Young girl looking outside through a window on a rainy day

How to Prep Your Home for Wet Weather

By the Mercury Team

Hurricane season is June 1 through Nov. 30 and weather experts are forecasting another active Atlantic hurricane season with up to 20 named storms that can blow in and cause significant damage to your home. Heavy rains and wind can spell disaster for a roof that’s already in poor condition and a building’s foundation is at risk if water doesn’t properly drain away from the structure.

“Water damage is the second most common type of homeowners claim,” says Chris O’Rourke, vice president of property claims at Mercury Insurance. “It’s important for homeowners to do what they can to mitigate damage by readying their property ahead of the storms.”

You can’t control the weather, but homeowners can prepare ahead of time by conducting a thorough inspection of their home and property before wet weather arrives. Here are a few things you can do to protect your family, pets and personal property before the rain begins to fall.


  • Trim tree branches away from the home and power lines. Branches that break during severe storms could potentially damage your house or cause power outages. Inspect and remove dead branches that may snap easily.
  • Move outdoor furniture and tools indoors, including gardening equipment. Cleaning and storing these items inside will prevent weather damage. Consider coating your tools with protective oil to guard against rust.
  • Clean your drains. Make sure all of your drains are open and free flowing. Dead leaves and yard debris can clog drains, which will prevent excess rain water from draining properly. This could lead to pooling around your foundation, causing leaks and water damage.

Home Exterior

  • Clean gutters and make sure they are securely fastened to your home . This will help direct rainwater away from the foundation of your home. Double-check the condition of gutters and downspouts and seal up any leaks.
  • Check your roof for missing shingles, holes and weak spots. Work with a licensed contractor ahead of storms to make roof repairs if necessary.
  • Clean and treat your deck. Remove debris from decks to deter mold and mildew growth. Consider treating decks with a water resistant coating – like liquid rubber sealant – to prevent weather damage and preserve your deck.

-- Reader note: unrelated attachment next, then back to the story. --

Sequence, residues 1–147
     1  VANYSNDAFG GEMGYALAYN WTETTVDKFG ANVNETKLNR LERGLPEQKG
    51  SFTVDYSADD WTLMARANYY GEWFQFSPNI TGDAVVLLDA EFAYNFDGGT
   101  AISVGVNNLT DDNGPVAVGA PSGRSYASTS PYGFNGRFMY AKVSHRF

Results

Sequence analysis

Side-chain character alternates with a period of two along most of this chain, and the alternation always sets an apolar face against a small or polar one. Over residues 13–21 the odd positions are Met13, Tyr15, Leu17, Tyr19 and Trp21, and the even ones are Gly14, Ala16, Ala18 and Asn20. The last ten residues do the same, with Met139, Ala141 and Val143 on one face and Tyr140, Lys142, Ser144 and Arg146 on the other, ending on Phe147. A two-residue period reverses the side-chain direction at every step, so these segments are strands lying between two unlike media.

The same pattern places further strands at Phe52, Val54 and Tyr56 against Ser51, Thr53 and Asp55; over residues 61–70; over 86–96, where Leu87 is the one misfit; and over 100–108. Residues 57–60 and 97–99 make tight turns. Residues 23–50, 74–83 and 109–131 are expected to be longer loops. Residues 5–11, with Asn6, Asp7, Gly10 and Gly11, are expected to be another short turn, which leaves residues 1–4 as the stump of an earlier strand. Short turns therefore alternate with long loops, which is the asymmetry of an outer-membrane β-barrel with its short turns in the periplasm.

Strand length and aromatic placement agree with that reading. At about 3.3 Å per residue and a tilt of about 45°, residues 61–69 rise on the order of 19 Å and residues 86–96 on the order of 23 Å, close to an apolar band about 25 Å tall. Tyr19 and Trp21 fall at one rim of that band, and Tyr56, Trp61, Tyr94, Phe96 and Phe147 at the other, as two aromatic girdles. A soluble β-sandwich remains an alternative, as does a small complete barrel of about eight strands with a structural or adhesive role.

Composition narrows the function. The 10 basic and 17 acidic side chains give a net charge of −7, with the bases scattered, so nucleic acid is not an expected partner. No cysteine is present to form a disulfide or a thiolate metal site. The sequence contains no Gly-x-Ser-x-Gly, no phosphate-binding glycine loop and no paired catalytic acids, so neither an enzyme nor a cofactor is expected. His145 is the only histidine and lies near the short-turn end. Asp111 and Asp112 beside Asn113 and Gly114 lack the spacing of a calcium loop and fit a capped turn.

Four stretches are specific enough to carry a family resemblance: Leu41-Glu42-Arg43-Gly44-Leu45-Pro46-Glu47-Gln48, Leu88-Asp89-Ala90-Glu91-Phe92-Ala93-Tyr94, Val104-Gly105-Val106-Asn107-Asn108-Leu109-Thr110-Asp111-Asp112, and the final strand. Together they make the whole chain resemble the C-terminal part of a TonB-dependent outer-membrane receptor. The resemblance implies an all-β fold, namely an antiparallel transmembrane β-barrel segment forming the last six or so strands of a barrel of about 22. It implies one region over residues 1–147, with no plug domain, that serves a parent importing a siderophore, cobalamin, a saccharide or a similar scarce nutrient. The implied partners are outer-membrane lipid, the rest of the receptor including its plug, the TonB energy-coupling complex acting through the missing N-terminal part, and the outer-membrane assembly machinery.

• Check the perimeter of your home for cracks in siding or peeled paint. Fill in any cracks, gaps or holes you encounter, these can turn into bigger problem areas later. Sealing these will prevent moisture from causing structural damage to your home and keep animals seeking shelter from burrowing inside.

Home Interior

  • Check for cracked glass in windows and examine window and door frames for leaks and rot. Small leaks can go unnoticed and seep into window panes and frames. Caulk gaps with sealant and remove and replace any rotted frames.
  • Examine any basement, crawl space or attic air ducts for leaks. Leaks in these less-used areas of your home can often go unnoticed and air vents are an easy entry point for water. If the forecast calls for heavy rain, consider covering openings (inside and outside) with durable plastic sheeting.
  • Check your sewer lines. A leaky or broken sewer line can allow rainwater to enter the system and backup into your home so be sure to have your lines inspected. You, not the city, are responsible for these and Mercury offers optional service line protection to its homeowners insurance policy for only a few dollars a month to cover them. Speak to your agent today about adding this important coverage.

A little prep can go a long way, but it’s still a good idea to review your insurance policy before winter starts. Update your home inventory and check with your local Mercury Insurance agent to make sure you have enough coverage.

Mercury Team

The Mercury Marketing Team is made up of professionals in the fields of Content Creation, Public Relations and Social Media. The team works together to deliver professionally written and researched content to provide information for consumers.

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